Google confirms the Pixel 6 and 6 Pro charge at 21W, 23W respectively

The confirmation comes after reports claimed Google lied about the Pixel 6 having 30W charging

Google has published a blog post detailing how the Pixel 6 and 6 Pro charge and why the smartphones charge that way.

The post seems to be primarily a response to reports that the Pixel 6 series doesn’t have the 30W charging capability Google advertised (the initial report came from Android Authority early in November). However, before we dig too further into it, it’s worth noting Google didn’t actually say the Pixel 6 and 6 Pro had 30W wired charging.

There seem to be two main problems at play here. The first is that the Pixel 6 series doesn’t charge at 30W. The second is that the Pixel phones don’t charge as fast as Google claims. Neither of these problems are true, however, and the outcry seems a bit overblown with that in mind. I also want to be clear that I’m not defending Google — in fact, I think Google’s poor communication is largely to blame for all this — nor am I detracting from Android Authority’s excellent report that breaks down how the Pixel 6 charging works and how fast it actually is.

With all that said, let’s break down what’s going on with the Pixel 6 charging.

What Google claimed

The whole issue appears to stem from a Google support document that details the hardware specifications for the Pixel 6 and 6 Pro. The chart says the following about charging:

“Fast charging: Up to 50 percent charge in 30 minutes with Google 30W USB-C. Charger with USB-PD 3.0 (PPS) sold separately.”

At first glance, it certainly appears that the support document says the Pixel 6 and 6 Pro support 30W charging, but that text-only mentions using Google’s 30W charger and doesn’t say anything about the phone’s charging capabilities. Further, the support doc points to the following fine print:

“9. Fast wired charging rates are based upon use of the Google 30W USB-C Charger plugged into a wall outlet. Compatible with USB PD 3.0 PPS adapters. Actual results may be slower. Adapters sold separately. Charging speed based upon testing with device batteries drained to 1 percent and charged with Google 30W USB-C Charger, sold separately. Charging testing conducted by Google in mid-2021 on pre-production hardware and software using default settings with the device powered on. Charging speed depends upon many factors including usage during charging, battery age, and ambient temperature. Actual charging speed may be slower.
10. Wireless charging rates up to 21W (Pixel 6) and up to 23W (Pixel 6 Pro) charging with Google Pixel Stand (2nd gen), sold separately. Up to 12W with Qi-certified EPP chargers, sold separately. Actual results may be slower.”

Again, there’s no mention of the Pixel 6 or 6 Pro’s actual wired charging speed. The text only details measuring charging speed with Google’s 30W charger. Admittedly, it’s really confusing and absolutely misleading. The way Google described this makes it sound like the Pixel 6 series has 30W charging even though it doesn’t. Frankly, that’s unacceptable, but to me it seems that’s been skipped over to focus on the charging speed itself.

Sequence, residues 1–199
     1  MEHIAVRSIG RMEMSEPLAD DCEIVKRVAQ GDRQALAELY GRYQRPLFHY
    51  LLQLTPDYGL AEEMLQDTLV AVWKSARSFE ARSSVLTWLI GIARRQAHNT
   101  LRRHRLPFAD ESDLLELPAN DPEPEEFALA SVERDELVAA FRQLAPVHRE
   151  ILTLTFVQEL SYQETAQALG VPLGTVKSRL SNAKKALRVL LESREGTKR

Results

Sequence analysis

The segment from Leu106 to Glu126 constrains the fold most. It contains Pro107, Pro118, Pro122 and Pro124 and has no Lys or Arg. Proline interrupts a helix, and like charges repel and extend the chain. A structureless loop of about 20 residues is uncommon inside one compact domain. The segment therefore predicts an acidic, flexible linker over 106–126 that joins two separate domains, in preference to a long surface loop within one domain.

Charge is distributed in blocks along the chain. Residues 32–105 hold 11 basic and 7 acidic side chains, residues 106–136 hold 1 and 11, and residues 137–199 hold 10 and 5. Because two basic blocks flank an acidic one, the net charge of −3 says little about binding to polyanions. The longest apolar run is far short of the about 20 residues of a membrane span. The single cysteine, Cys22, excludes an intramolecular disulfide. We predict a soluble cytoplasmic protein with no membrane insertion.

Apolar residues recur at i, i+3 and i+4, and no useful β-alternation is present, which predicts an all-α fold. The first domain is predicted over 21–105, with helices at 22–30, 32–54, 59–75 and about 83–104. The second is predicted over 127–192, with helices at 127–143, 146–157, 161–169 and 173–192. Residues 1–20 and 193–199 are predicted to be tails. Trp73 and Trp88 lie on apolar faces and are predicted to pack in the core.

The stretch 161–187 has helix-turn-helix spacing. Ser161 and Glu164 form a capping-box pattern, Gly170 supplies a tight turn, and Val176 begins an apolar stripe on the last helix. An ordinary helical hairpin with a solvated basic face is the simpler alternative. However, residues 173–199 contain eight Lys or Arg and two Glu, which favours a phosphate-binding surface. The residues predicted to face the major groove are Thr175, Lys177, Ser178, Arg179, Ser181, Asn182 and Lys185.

How fast the Pixel 6 Pro charges

Android Authority’s charging tests revealed that the Pixel 6 and Pixel 6 Pro charged at a maximum output of 22W when using Google’s 30W adapter. Additionally, the publication found in its testing that the Pixel 6 Pro maintains that level of charging until about 50 percent, then reduces the charging speed significantly.

The time to charge from zero to 50 percent was 31 minutes, as measured by Android Authority. That’s only a minute longer than what Google officially claimed.

However, Android Authority measured that after reaching 62 percent charge, the phone reduced the amount of power to 15W. The Pixel 6 Pro held that power level until 75 percent charge, then dropped to 12W. Again, the phone held that level until 85 percent charge. From there, the power level gradually fell to as low as 2.5W as the battery approached 100 percent capacity.

All told, Android Authority measured a total charge time of 111 minutes for the Pixel 6 Pro using Google’s 30W charger, with the phone taking 31 minutes to hit 50 percent.

Google’s charging info was misleading, but it wasn’t wrong

Again, Google didn’t claim that the Pixel 6 series supported 30W charging (even though the language used was incredibly misleading). Google said the Pixel 6 phones would charge to 50 percent in 30 minutes. Android Authority validated that.

To be abundantly clear, that doesn’t mean people can’t be upset by the Pixel 6 and 6 Pro charging capabilities. In fact, I’d argue the criticism is justified, especially when you consider that the Pixel 6 Pro takes 121 minutes to fully charge using the old 18W Google charging brick. Springing for the 30W charger only gets you a 10-minute faster charge time. The issue I have is with the claim that Google lied about the Pixel 6 series having 30W charging when the company didn’t actually say that.

Google’s new support post adds additional context to these findings but ultimately reiterates what the company already said: the Pixel 6 and 6 Pro can charge to 50 percent in about 30 minutes and 80 percent in about an hour. The only other notable information is that the Pixel 6 maxes out at 21W and the 6 Pro at 23W of charging. Although Android Authority measured 22W for the 6 Pro, it acknowledges that the 1W difference is within the “margin of error from our testing.”

Finally, the takeaway from this should be that if you have Google’s 18W charger from a previous Pixel (or another similarly-specced charging brick), you really don’t need to get the 30W charger.

Source: Android Authority, Google, (2)